How I prepare a peer review

Over the last couple of months the question of how to write a peer review came up quite a few times, and a couple of my colleagues even asked me directly to help them prepare for their first  peer reviews. Preparing solid, critical peer review is an essential component of being a good citizen in the scientific community. I generally do about two for every paper I submit. I thought it might be helpful to provide a brief overview of how I personally prepare a peer review, primarily for marine science and conservation journals geared towards population genetic studies. I’d like to think that this advice is broadly applicable to any scientific peer review.

Step 1.  Read the paper. It might seem silly to start with this but a lot of people dive into their peer reviews before they’ve even read the submitted paper in its entirety. You start thinking about how you’ll review it as soon as you get a request from the editor with the title and authors. When you get a paper to review, you immediately start reading it with a critical eye. Think about when you  read a paper for pleasure or because you are interested in the content. You’re generally not looking for the fine details or nitpicking word choice, you’re looking for the ideas in the paper. You’re trying to understand what the paper is about and you’re trying to understand what the authors concluded with paper. So before you even begin with your peer review just read the paper as if it were any of a dozen other scientific papers that slide across your desk every week..

Step 2. Write down what you think the paper is about. Do this in broad terms, not so much focused on the methodology but rather the ideas behind the methodology, the motivation for the study, the questions the authors want to answer. Use this as a framework to hang the rest of your review on because you’re not just looking for technical precision but to make sure that the study itself is relevant to the broader themes of the paper.

Step 3. Sleep on it. Seriously. Put the paper aside and go on with your day. Don’t think about it too much until the next morning. This means that you actually have to plan ahead when you’re preparing a peer review. You can’t put it off until the last minute. You need to leave time to properly digest the study. Remember this paper probably represents years of someone’s work summarized in a couple dozen pages. You owe them at least a few days thought.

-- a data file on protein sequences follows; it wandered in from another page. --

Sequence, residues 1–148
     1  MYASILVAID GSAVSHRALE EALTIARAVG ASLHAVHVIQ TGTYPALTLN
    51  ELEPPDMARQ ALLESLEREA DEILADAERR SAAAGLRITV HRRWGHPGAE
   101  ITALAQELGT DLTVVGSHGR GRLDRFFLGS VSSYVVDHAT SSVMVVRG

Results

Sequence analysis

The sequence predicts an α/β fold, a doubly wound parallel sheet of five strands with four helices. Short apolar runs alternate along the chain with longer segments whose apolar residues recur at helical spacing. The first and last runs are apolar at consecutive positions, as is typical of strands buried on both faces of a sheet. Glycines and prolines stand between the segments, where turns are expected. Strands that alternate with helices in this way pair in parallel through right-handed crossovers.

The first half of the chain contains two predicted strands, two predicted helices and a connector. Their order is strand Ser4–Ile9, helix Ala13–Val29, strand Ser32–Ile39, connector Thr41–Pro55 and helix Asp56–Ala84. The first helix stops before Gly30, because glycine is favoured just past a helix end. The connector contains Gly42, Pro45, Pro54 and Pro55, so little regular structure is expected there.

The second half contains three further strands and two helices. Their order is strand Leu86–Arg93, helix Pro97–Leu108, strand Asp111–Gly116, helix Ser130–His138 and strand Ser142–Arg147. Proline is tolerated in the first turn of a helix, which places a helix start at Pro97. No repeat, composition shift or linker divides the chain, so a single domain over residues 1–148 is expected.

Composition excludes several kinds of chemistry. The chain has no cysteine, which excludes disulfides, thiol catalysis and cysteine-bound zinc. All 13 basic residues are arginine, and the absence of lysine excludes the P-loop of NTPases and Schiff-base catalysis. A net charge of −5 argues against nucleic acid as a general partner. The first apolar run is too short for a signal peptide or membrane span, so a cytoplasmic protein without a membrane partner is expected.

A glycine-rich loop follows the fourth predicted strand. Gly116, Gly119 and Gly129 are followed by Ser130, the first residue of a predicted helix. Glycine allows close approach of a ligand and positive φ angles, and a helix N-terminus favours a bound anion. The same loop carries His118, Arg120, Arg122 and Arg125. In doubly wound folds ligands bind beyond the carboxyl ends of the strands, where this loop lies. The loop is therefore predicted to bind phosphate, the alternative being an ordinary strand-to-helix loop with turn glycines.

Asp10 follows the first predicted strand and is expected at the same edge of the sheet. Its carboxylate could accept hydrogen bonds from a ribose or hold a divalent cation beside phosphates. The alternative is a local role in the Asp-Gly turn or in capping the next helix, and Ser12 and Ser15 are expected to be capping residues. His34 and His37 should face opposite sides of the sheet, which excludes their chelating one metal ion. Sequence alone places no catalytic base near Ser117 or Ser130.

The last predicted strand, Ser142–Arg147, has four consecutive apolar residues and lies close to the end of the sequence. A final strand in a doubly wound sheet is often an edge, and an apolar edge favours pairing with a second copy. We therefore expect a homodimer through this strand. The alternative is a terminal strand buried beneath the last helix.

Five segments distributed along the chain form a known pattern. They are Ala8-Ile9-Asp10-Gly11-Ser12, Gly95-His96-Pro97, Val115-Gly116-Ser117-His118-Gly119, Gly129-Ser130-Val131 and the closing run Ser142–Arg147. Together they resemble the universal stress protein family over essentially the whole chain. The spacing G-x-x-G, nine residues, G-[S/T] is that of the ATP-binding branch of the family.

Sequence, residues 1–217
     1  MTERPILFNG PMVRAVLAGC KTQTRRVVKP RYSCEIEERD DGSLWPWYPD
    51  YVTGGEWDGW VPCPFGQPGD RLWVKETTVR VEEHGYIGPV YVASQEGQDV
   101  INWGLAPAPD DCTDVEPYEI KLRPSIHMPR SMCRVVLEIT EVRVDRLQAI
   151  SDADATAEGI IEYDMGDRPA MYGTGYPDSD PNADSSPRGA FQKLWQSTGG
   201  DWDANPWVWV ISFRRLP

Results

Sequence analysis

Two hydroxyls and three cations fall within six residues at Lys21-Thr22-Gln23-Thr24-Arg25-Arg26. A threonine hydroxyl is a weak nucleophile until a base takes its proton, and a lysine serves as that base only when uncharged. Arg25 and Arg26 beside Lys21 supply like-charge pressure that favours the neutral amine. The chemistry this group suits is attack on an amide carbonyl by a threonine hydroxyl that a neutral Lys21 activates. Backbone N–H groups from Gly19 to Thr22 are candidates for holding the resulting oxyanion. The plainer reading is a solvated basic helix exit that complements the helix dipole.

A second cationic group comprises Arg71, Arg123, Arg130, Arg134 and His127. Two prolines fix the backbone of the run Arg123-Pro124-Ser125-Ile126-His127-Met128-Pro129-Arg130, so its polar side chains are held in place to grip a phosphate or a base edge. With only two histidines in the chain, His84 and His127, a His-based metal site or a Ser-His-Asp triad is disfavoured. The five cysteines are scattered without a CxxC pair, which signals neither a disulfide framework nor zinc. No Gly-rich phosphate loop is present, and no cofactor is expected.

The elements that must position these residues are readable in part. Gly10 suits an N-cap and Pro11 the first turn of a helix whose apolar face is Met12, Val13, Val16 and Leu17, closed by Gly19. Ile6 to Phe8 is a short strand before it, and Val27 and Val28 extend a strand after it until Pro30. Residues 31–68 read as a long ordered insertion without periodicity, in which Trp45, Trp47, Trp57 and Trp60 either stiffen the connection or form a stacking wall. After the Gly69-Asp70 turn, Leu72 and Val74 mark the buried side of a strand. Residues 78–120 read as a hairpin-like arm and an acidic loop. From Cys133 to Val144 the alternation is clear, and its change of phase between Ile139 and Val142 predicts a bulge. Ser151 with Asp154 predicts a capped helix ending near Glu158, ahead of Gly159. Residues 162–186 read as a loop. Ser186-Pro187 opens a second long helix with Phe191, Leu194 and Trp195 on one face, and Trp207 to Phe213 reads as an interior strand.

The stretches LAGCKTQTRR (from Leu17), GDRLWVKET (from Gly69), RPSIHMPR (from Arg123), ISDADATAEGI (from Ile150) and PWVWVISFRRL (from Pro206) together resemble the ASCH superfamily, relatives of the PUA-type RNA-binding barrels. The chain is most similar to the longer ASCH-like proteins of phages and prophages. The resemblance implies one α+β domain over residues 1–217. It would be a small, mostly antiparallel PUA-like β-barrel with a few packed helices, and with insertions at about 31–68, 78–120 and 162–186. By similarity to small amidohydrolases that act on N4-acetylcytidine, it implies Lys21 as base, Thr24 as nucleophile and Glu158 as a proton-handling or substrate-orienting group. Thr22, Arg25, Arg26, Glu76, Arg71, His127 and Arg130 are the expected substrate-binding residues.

Step 4.  Read the methods. Read the methods critically. You are now looking for the specific details of how they want to answer the questions they are asking. You’re getting into the details of their methodology. Did they use the appropriate analyses? Are there other analyses that would have done a better job? Did they sample enough to answer the question? Do they have enough data to perform the analyses they want to perform?

It’s important when going through the methods that you remember that science is hard. It’s hard for you. It’s hard for them. It’s hard for everyone. There is no study in the world that wouldn’t benefit from a few more samples, that a couple more data points wouldn’t help. Data is not the easiest thing in the world to get, so remember when writing your review that perhaps there are practical reasons regarding why they didn’t get 450 samples instead of 350. The question is not “could the study have benefited from more samples?” The study can always benefit from more samples. The question is “do they have enough samples to answer the question?”

Step 5. Analyze the results. Now is the time to go through the data with a fine tooth comb. Read the results make sure the results match their methods. Make sure the answers they’ve got can be gained with the methodology they use. Then, most importantly, and this is the most time consuming part of a peer review, reanalyze whatever data that you can get your hands on. If they provided supplemental raw datafiles, use them. If they provided GenBank accession numbers, look them up. If they generated phylogenetic trees and you have access to the DNA barcode sequences, rerun that data that.

If a result looks fishy, I’ve gone back to the editor and requested they ask for raw data files so that I can verify those results.